• Park Protection

    NPA’s founders had a vision of a strong, well-managed system of national parks in NSW. This is still a core part of NPA’s mission. We run campaigns and education programs to support good management of protected areas such as national parks, and to oppose uses or development of our reserves that undermine their conservation values.
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The National Parks Association of NSW (NPA) are alarmed at a new report that shows that koalas across two thirds of the state face extinction from habitat loss and climate change.

The report, written by former Office of Environment and Heritage ecologist, David Paull, indicates that radical measures need to be taken if the fate of the state’s koalas is to be reversed.

“We believe no report or data base within Government, either State or Federal, gives such a comprehensive picture of the likely fate of koalas in western NSW which are now facing extinction from continuing land clearing for mining and farming, and intensive logging of native forests,” Mr Paull said.

The report comes as the NSW Government unveils new laws which will allow farmers virtually unrestricted ability to clear their land.

“In light of this landmark report, we are calling on the government to take immediate action to protect all remaining koala habitat. Habitat loss and fragmentation have already led to koalas disappearing from 75% of their former home range and are continuing to cause dramatic population declines across NSW,” says Kevin Evans, CEO of NPA.

“Ensuring the future of our national icon is surely reason enough for the Baird Government not to proceed with its controversial new Bill which will see land-clearing escalate to a catastrophic level. With 80% of koalas in NSW living on private land, these new laws along with climate change will spell the end for this special marsupial.”

The report breaks down the study area into seven bioregions, including the South East Highlands and South Western Slopes. 

Mr Paull says the report card for koalas in these areas is mixed.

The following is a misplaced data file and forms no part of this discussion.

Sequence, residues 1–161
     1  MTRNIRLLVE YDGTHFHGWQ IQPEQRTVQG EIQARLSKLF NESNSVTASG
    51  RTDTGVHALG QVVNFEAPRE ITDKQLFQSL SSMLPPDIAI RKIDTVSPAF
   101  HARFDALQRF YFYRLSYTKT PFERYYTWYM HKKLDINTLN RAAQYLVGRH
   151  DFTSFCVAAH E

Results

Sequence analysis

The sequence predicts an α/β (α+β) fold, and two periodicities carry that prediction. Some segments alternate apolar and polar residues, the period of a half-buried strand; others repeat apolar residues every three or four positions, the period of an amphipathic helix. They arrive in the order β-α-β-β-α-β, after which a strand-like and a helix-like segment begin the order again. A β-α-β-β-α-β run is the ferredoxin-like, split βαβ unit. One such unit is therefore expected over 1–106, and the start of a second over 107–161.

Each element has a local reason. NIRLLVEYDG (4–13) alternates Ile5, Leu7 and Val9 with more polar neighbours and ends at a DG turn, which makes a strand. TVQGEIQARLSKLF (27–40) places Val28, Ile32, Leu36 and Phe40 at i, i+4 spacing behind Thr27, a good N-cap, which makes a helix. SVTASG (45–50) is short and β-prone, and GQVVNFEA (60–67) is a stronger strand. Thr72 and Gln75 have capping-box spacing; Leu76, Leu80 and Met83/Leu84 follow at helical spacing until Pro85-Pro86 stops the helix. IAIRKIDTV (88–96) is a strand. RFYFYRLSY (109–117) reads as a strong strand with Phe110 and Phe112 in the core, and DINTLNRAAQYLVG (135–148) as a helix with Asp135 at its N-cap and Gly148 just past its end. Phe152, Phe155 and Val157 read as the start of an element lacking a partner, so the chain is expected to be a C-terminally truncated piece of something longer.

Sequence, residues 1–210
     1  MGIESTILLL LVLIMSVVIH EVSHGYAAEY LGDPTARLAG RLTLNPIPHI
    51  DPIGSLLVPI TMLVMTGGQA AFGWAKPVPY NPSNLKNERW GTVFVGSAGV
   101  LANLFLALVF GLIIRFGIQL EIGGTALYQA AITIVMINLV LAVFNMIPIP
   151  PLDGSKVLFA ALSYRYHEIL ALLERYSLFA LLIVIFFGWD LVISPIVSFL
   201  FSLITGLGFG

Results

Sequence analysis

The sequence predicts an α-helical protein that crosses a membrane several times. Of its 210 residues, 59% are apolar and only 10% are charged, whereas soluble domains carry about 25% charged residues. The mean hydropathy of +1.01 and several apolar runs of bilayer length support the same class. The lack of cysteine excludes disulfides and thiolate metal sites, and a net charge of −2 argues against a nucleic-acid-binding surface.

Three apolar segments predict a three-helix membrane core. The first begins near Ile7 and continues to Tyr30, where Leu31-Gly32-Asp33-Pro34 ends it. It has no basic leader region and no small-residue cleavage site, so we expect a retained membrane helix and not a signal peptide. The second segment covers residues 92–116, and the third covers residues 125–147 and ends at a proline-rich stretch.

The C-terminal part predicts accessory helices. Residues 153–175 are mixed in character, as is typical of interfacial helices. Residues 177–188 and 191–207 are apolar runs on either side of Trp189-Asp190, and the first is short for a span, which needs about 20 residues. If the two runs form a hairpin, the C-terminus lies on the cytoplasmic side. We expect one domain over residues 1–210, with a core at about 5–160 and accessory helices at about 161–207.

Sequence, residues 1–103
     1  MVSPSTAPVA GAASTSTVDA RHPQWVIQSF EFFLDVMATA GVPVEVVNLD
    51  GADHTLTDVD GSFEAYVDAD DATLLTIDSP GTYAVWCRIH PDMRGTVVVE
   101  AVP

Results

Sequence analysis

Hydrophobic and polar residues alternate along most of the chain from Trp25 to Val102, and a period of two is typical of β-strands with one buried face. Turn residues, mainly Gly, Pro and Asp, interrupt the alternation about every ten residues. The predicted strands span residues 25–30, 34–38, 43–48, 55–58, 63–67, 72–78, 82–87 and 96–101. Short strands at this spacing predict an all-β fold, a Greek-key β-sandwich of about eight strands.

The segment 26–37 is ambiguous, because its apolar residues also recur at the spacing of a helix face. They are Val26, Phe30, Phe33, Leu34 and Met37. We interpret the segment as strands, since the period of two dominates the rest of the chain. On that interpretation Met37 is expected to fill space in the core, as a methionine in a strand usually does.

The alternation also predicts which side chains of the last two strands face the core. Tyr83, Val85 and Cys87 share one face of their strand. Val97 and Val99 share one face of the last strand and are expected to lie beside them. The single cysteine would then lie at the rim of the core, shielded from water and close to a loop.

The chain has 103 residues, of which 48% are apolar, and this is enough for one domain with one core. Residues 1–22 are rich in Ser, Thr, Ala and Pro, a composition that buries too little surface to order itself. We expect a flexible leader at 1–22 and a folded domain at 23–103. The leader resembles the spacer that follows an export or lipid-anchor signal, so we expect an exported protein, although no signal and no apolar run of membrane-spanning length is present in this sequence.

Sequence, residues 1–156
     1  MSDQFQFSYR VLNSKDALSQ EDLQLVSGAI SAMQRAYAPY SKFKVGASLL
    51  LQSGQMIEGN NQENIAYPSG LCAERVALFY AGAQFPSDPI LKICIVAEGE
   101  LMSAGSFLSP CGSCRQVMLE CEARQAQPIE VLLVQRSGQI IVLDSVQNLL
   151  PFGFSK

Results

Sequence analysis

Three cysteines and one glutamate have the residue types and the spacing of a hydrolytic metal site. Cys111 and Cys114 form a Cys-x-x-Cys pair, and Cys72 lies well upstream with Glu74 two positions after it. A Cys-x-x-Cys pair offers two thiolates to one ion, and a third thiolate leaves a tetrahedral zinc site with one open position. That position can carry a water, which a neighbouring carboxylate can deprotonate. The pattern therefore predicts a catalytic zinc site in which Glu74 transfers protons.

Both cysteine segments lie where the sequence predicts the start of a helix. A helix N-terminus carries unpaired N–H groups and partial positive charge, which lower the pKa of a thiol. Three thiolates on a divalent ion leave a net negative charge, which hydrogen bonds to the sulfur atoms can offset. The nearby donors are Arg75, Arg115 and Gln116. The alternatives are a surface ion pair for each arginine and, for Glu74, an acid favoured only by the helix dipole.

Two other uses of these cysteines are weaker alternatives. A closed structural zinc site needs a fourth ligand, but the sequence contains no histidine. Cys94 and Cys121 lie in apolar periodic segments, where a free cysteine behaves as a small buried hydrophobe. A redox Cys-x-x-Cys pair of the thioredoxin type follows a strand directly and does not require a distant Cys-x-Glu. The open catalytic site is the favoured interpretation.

“Some koala populations in the South-East Highlands and South Western Slopes are doing well, particularly those around the Monaro area, though others have shown significant recent decline, especially in the central-west, Parkes and Murrumbidgee regions.

“Patterns of decline in koalas across the state suggest highland areas may be increasingly important for koala survival into the future,” he said.

To save koala populations in NSW the report, commissioned by the Western Woodlands Alliance, and supported by community and environmental groups across NSW, identifies a radical conceptual Koala Park of over 4.5 million hectares, across seven bioregions, to preserve and link habitat across all land tenures from the Queensland to Victoria borders.

“The Western Woodlands Koala Park proposal calls for extensive additions to the reserve system and substantial incentives for private owners with priority habitat to conserve and manage their remnant habitat,” Mr Paull said.

“Critically only 18 per cent of the koala locations in the study area are in the current reserve system, while 64 per cent are on private land,” he said.

He said the report identifies and maps Koala Investment Zones and Private Land Hotspots, which contain priority habitat and important linkages, to be included within the park.

“If an epic and tragic extinction is to be avoided, it’s time to act.  Out of the 97 populations we looked at only ten are stable. Most are declining and may well meet the criteria for endangered under the NSW Threatened Species Conservation Act, others are already gone.

“In Australia, Koalas, once prolific from South Australia to Queensland, are now listed as vulnerable in the ACT, NSW and Queensland.  Inland Koalas, which represent over half of the total remaining populations in NSW are critical to the survival of this Australian species. If we save the Koalas we also save many other unique Australian animals also facing extinction. The NSW Koala Recovery Plan is failing miserably, while the Federal Government’s Koala Recovery Plan, originally set for release in 2011, is still nowhere to be seen.”

Noel Plumb, Convenor of the Alliance said “The Western Woodlands Koala Park report presents an integrated landscape proposal that meets the requirements for the preservation of inland Koala populations and will require widespread political, community and agency support to implement.”

For the full report, maps and summary go to www.westernwoodlands.weebly.com

Media Enquiries
David Paull, WWA Ecologist, ph. 0455 634 160
Noel Plumb, WWA Convenor, ph. 0425 238 303